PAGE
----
|We invite you to listen to us on great radio stations across the region on the Radio Oklahoma Network weekdays- if you missed this morning's Farm News - or you are in an area where you can't hear it- click here for this morning's Farm news from Carson Horn on RON.
Let's Check the Markets!
OKC West is our Market Links Sponsor- they sell cattle three days a week- Cows on Mondays, Stockers on Tuesday and Feeders on Wednesday- Call 405-262-8800 to learn more.
500 head of cattle on their showlist for the Wednesday,
March 27th sale of finished cattle - click here
to jump to the website.
Steady to $4 Higher on Yearlings- Steady to a Dollar Higher for Calves Monday at Oklahoma National Stockyards- Click or tap here for full report from USDA.
OKC West sold slaughter cows 6.00 to 11.00 lower and slaughter bulls 4.00 lower compared to the last sale - click or tap here for the full report from USDA.
At the Joplin Regional Stockyards on Monday- Compared to last week, steer calves 3.00 to 5.00 higher, heifer calves and yearlings steady to 3.00 higher- click or tap here for the full report.
Today's First Look:
mornings with cash and futures reviewed- includes where the Cash Cattle market stands, the latest Feeder Cattle Markets Etc.
Each afternoon we are posting a recap of that day's markets as analyzed by Justin Lewis of KIS futures
- click or tap here
for the report posted yesterday afternoon around 3:30 PM.
Okla Cash Grain:
Feeder Cattle Recap:
Slaughter Cattle Recap:
TCFA Feedlot Recap:
Our Oklahoma Farm Report Team!!!!
Ron Hays, Senior Farm Director and Editor
Carson Horn, Associate Farm Director and Editor
Pam Arterburn, Calendar and Template Manager
Dave Lanning, Markets and Production
|Oklahoma's Latest Farm and Ranch News
Your Update from Ron Hays of RON
Tuesday, March 26, 2019
| Featured Story: Oklahoma Wheat Conditions JUMP to 74% Good to Excellent
Oklahoma continued to warm statewide. Winter wheat jointing progressed from 20 last week to now reaching 28 percent, still down 6 points from the previous year and down 10 points from normal. Winter wheat rating put 74 percent Good-Excellent, 24 percent Fair, and just 2 percent looking Poor. The Wheat Good to excellent reading stood at 60% a week ago- and one year ago- the 2018 wheat crop was rated in the last week of March as being just 9% good (nothing excellent) and 54% rated poor to very poor.
Pasture and range condition were rated at 50 percent good to excellent. One year ago- the pasture and range ratings were showing nothing in excellent shape and just 23% was rated in good condition.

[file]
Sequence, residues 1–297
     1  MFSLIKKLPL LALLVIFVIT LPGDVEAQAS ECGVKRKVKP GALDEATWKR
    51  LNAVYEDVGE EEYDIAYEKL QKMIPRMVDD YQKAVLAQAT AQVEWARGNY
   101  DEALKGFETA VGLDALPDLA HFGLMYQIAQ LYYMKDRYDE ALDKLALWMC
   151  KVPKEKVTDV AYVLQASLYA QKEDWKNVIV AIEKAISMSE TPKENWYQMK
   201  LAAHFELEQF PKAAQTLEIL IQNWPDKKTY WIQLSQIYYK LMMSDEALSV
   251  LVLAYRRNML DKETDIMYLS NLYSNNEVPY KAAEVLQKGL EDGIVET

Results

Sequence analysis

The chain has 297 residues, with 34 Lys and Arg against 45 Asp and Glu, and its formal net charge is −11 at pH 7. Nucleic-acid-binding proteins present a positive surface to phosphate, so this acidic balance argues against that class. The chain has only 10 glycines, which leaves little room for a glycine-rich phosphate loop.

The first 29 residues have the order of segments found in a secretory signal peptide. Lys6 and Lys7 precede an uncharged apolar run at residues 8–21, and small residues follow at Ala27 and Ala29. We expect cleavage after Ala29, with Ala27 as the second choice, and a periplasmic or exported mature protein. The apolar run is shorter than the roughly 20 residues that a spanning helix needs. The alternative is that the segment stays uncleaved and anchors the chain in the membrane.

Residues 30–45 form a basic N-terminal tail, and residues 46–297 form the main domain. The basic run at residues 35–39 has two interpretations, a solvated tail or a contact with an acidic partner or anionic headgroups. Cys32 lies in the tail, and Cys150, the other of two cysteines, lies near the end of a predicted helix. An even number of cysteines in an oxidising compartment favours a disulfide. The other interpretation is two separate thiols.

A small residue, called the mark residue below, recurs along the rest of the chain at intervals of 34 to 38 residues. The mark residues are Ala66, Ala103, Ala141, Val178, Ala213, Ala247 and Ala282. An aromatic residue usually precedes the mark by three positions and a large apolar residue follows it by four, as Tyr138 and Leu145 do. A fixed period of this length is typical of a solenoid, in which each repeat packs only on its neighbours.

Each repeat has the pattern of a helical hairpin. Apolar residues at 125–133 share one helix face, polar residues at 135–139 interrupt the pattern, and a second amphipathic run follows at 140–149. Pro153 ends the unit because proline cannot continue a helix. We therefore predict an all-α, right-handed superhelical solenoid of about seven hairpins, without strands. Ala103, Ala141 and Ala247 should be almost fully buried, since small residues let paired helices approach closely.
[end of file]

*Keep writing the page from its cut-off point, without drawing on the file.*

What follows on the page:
Click or tap here to review the latest USDA Crop Progress report on Oklahoma.
Texas winter wheat rated 39 percent Good-Excellent, 39 percent Fair, 22 percent Poor-Very Poor. Freeze damage was detected in some small grain fields in the Cross Timbers. Little to no rainfall in Texas is creating areas of severe drought. Wheat producers continued to apply irrigation, fertilizer, and weed control in areas of the Northern High Plains. Recent rains and warmer temperatures improved wheat condition in the Low Plains. Freeze damage was reported in wheat in areas of South Central Texas. Wheat was in the heading stage in the Coastal Bend and South Texas.
Livestock condition across the state remained mostly fair to good. Use of supplemental feed, while continuing, had decreased across much of the state. Wild hogs are still causing problems in North East Texas. Pasture and range condition was rated 73 percent fair to good.
Click or tap here to review the latest USDA Crop Progress report on Texas.
Finally, based on the limited information out from Kansas, Winter wheat condition rated 3 percent very poor, 8 poor, 37 fair, 45 good, and 7 excellent. Only trace amounts of improvement from last week.
Click or tap here to review the latest USDA Crop Progress report on Kansas.
Dating back to 1891, Stillwater Milling Company has been supplying ranchers with the highest quality feeds made from the highest quality ingredients. Their full line of A & M Feeds can be delivered direct to your farm, found at their Agri-Center stores in Stillwater, Davis, Claremore and Perry or at more than 125 dealers in Oklahoma, Arkansas, Kansas and Texas.
We appreciate Stillwater Milling Company's long time support of the Radio Oklahoma Ag Network and we encourage you to click here to learn more about their products and services.